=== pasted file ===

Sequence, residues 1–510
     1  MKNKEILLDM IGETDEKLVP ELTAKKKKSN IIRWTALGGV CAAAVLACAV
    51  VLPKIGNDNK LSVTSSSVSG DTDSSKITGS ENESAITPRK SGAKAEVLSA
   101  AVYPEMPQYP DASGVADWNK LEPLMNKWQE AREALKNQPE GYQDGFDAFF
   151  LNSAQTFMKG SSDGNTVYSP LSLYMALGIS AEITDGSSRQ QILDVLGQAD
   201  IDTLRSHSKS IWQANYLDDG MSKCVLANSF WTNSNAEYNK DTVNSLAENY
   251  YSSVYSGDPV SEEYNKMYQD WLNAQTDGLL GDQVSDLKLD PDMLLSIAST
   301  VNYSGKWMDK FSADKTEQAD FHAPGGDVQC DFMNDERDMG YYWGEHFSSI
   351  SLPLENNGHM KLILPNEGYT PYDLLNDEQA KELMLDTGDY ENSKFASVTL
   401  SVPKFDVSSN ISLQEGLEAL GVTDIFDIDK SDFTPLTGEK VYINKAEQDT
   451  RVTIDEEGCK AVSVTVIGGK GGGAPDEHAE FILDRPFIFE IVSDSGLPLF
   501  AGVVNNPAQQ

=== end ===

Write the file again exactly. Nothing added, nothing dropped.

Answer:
Sequence, residues 1–510
     1  MKNKEILLDM IGETDEKLVP ELTAKKKKSN IIRWTALGGV CAAAVLACAV
    51  VLPKIGNDNK LSVTSSSVSG DTDSSKITGS ENESAITPRK SGAKAEVLSA
   101  AVYPEMPQYP DASGVADWNK LEPLMNKWQE AREALKNQPE GYQDGFDAFF
   151  LNSAQTFMKG SSDGNTVYSP LSLYMALGIS AEITDGSSRQ QILDVLGQAD
   201  IDTLRSHSKS IWQANYLDDG MSKCVLANSF WTNSNAEYNK DTVNSLAENY
   251  YSSVYSGDPV SEEYNKMYQD WLNAQTDGLL GDQVSDLKLD PDMLLSIAST
   301  VNYSGKWMDK FSADKTEQAD FHAPGGDVQC DFMNDERDMG YYWGEHFSSI
   351  SLPLENNGHM KLILPNEGYT PYDLLNDEQA KELMLDTGDY ENSKFASVTL
   401  SVPKFDVSSN ISLQEGLEAL GVTDIFDIDK SDFTPLTGEK VYINKAEQDT
   451  RVTIDEEGCK AVSVTVIGGK GGGAPDEHAE FILDRPFIFE IVSDSGLPLF
   501  AGVVNNPAQQ